This is an extremely important issue: Can citizens document what law enforcement does? (Yep)
Update Feb 20, 2010: The anger is rising: read this LAtimes piece.
Something made me mad today. So I’m posting about it.
After reading an article on Wikileaks regarding the Balad Burn Pit, where toxic chemicals such as
“…acetaldehyde, Acrolien, Arsenic, Benzene, Carbon Monoxide, Ethylbenzene, Formaldehyde, Hydrogen Cyanide, Hydrogen Fluoride, Phosgene, Sulfur Dioxide, Sulfuric Acid, Toluene, Trichloroethane and Xylene…”
are burnt, I became very angry. Continue reading “The Balad Burn Pit: All-purpose toxic materials disposal in Iraq [iraq, vet health]”
Certain smarty pants (I’m looking at you James Boyle) are stepping up to write accessible, interesting, and essential works on the depressing state of copyright law/file sharing/free culture. Things are not good, and everyone should know not just the base headlines “Teenager sued by RIAA for $15,000“—but the facts. I now refer to Boyle:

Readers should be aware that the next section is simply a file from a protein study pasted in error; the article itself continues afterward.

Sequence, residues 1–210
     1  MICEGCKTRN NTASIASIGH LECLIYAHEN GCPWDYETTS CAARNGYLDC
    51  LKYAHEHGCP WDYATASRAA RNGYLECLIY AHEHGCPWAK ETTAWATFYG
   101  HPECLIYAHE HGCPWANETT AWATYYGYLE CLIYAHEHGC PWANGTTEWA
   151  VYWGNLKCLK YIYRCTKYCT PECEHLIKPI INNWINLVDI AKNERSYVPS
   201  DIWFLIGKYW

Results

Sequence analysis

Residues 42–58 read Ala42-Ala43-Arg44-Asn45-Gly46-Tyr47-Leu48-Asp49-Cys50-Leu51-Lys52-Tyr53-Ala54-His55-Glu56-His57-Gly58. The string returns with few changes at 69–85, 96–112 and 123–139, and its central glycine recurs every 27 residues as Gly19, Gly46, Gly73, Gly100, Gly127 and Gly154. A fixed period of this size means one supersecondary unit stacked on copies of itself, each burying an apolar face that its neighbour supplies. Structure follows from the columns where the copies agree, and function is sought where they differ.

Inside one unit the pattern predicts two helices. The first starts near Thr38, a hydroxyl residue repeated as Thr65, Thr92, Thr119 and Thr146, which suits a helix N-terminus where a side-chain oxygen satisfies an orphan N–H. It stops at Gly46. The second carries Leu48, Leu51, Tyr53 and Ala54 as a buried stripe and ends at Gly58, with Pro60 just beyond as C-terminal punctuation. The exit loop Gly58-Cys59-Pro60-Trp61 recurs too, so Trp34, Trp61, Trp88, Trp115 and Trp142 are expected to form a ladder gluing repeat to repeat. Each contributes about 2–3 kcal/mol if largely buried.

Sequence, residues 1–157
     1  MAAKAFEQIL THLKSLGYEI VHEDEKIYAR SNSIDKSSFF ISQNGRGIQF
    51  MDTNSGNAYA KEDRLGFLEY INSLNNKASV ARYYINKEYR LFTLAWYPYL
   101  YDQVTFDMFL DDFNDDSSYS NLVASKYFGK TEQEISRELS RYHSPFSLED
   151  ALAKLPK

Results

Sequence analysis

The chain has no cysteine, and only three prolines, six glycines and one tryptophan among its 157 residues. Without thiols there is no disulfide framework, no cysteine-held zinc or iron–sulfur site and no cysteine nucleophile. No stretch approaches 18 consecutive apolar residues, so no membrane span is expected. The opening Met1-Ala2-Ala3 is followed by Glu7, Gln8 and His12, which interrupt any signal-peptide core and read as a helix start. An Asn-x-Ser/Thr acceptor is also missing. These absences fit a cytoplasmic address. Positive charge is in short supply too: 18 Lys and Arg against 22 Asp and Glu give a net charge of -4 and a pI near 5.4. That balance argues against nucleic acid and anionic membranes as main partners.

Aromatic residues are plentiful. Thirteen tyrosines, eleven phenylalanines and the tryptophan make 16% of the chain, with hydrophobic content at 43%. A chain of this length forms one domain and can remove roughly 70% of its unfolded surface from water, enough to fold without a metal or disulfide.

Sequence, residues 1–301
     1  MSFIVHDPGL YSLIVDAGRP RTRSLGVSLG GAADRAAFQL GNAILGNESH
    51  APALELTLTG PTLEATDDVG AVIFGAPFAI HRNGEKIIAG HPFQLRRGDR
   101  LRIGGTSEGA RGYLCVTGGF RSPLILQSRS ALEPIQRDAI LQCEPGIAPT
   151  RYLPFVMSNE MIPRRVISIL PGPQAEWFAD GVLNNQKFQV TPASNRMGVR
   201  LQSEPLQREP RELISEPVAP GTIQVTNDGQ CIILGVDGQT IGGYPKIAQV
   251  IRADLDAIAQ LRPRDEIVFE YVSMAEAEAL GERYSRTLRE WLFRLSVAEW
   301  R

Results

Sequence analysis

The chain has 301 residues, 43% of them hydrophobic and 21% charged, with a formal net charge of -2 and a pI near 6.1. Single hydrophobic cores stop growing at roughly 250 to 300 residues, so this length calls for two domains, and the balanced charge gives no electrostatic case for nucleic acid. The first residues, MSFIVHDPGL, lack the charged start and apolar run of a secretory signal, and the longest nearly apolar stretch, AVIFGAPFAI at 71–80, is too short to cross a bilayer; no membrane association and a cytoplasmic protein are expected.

It is not merely supposed to produce incentives for innovation by rewarding creators, though that is vital. Intellectual property is also supposed to create a feedback mechanism that dictates the contours of information and innovation production. It is not an overstatement to say that intellectual property rights are designed to shape our information marketplace. Copyright law is supposed to give us a self-regulating cultural policy in which the right to exclude others from one’s original expression fuels a vibrant public sphere indirectly driven by popular demand. At its best, it is supposed to allow a decentralized and iconoclastic cultural ferment in which independent artists, musicians, and writers can take their unique visions, histories, poems, or songs to the world—and make a living doing so if their work finds favor. [via Boyle, The Public Domain]